Self-knowledge is the cognitive ability of the agent to know his or her own mental states. There are several types of mental states, and there is a method for the knowledge of each type. The focus of this dissertation is on the knowledge of one‘s own beliefs. With this goal in mind, we present the empiricist and the rationalist approaches to the knowledge of one‘s own beliefs. Empiricist theories of self-knowledge proposes introspection as the method for the knowledge of one‘s (...)
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  30. The Testimony of Sense: Empiricism and the Essay From Hume to Hazlitt.Tim Milnes - 2019 - Oxford University Press.
    This book offers a new account of the relationship between empiricism and the essay in the late eighteenth and early nineteenth centuries. Exploring topics such as trust, testimony, virtue, and language, it offers new perspectives on connections between philosophy and literature, empiricism and transcendentalism, and Enlightenment and Romanticism.
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  31. Empiricism without Magic: Transformational Abstraction in Deep Convolutional Neural Networks.Cameron Buckner - 2018 - Synthese (12):1-34.
    In artificial intelligence, recent research has demonstrated the remarkable potential of Deep Convolutional Neural Networks (DCNNs), which seem to exceed state-of-the-art performance in new domains weekly, especially on the sorts of very difficult perceptual discrimination tasks that skeptics thought would remain beyond the reach of artificial intelligence. However, it has proven difficult to explain why DCNNs perform so well. In philosophy of mind, empiricists have long suggested that complex cognition is based on information derived from sensory experience, often appealing to (...)
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  32. Causation, Cosmology and the Limits of Reason.Paul Russell - 2013 - In James Harris (ed.), The Oxford Handbook of British Philosophy in the Eighteenth-Century,. New York, NY, USA: pp. 599-620.
    For well over a century the dominant narrative covering the major thinkers and themes of early modern British philosophy has been that of “British Empiricism”, within which the great triumvirate of Locke-Berkeley-Hume are taken to be the dominant figures. Although it is now common to question this schema as a way of analyzing and understanding the period in question, it continues to command considerable authority and acceptance. (One likely reason for this is that no credible or plausible alternatives structures or (...)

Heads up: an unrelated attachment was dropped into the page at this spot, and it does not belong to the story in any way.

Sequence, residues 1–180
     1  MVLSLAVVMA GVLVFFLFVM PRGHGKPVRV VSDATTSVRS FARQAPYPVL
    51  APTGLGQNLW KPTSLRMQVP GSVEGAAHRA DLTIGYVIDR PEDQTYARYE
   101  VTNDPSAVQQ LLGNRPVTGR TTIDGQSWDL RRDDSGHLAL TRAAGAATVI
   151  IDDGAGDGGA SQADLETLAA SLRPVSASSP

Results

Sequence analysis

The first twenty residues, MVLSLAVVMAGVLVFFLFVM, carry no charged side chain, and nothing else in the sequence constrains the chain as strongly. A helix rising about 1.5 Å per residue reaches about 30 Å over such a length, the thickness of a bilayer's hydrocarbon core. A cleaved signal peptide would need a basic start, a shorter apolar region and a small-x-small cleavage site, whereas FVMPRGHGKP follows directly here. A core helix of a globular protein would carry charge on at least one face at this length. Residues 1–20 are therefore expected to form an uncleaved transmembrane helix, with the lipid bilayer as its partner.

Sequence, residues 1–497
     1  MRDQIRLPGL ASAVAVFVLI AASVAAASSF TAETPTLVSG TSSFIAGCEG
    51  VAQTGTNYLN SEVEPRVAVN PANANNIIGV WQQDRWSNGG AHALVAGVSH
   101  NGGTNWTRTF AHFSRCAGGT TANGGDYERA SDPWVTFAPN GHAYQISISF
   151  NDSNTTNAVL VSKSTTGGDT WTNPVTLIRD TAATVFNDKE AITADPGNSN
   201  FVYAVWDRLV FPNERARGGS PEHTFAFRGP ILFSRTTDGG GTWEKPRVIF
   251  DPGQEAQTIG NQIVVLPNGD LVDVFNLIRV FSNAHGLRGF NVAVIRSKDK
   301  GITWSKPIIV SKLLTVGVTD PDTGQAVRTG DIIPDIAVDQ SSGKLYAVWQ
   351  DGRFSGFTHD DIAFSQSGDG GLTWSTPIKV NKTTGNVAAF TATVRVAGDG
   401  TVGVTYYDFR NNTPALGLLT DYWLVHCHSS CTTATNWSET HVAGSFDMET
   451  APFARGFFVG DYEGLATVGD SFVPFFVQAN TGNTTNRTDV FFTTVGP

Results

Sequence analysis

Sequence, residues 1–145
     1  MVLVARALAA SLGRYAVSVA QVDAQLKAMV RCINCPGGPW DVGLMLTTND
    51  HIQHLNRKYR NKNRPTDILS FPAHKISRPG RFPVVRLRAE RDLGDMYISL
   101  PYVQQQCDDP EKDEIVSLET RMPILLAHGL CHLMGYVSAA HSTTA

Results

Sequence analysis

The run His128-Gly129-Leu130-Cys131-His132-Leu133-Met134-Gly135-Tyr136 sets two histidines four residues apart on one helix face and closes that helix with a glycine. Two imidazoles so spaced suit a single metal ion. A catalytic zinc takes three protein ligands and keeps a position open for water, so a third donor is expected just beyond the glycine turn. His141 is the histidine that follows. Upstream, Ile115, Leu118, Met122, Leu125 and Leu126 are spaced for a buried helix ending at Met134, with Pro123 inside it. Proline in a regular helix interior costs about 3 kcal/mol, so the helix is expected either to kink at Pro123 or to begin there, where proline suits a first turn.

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  33. Hume's Philosophy of Irreligion and the Myth of British Empiricism.Paul Russell - 2016 - In The Oxford Handbook of HUME. New York, NY, USA: pp. 109-37.
    This chapter outlines an alternative interpretation of Hume’s philosophy, one that aims, among other things, to explain some of the most perplexing puzzles concerning the relationship between Hume’s skepticism and his naturalism. The key to solving these puzzles, it is argued, rests with recognizing Hume’s fundamental irreligious aims and objectives, beginning with his first and greatest work, A Treatise of Human Nature. The irreligious interpretation not only reconfigures our understanding of the unity and structure of Hume’s thought, it also provides (...)
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  34. Empirismus, naturalismus a ideje.Tomas Hribek - 2017 - Filosoficky Casopis 2 (65):297-315.
    [Empiricism, Naturalism, and Ideas] The author analyses the modern reception of key themes in Hume’s philosophy during the past century. The first part presents Hume’s version of three such themes – empi­ricism, naturalism and the theory of ideas. The following three parts give an exposition of modern forms of each of these themes, with the choice of modern reception being directed to those contemporary authors who not only developed Hume’s motifs in the most original way, but who also explicitly traced (...)
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  35. Introduction to Newton and Empiricism.Zvi Biener & Eric Schliesser - 2014 - In Zvi Biener & Eric Schliesser (eds.), Newton and Empiricism. Oxford: Oxford University Press. pp. 1-15.
    The introduction considers the state of scholarship on empiricism as a philosophical and historical category, particularly as it pertains to experimental philosophy. It concludes that empiricism properly understood is a rich category encompassing epistemic, semantic, methodological, experimental, and moral elements. Its richness makes it a suitable lens through which to account for actual historical complexity. The introduction relates the category to the work of Sir Isaac Newton, who influenced all of empiricism’s elements.
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  36. Peirce on Intuition, Instinct, and Common Sense.Kenneth Boyd & Diana Heney - 2017 - European Journal of Pragmatism and American Philosophy (2).
    In addition to being a founder of American pragmatism, Charles Sanders Peirce was a scientist and an empiricist. A core aspect of his thoroughgoing empiricism was a mindset that treats all attitudes as revisable. His fallibilism seems to require us to constantly seek out new information, and to not be content holding any beliefs uncritically. At the same time, Peirce often states that common sense has an important role to play in both scientific and vital inquiry, and that there cannot (...)
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  37. The Vocation of Political Theory.Marc Stears - 2005 - European Journal of Political Theory 4 (4):325-350.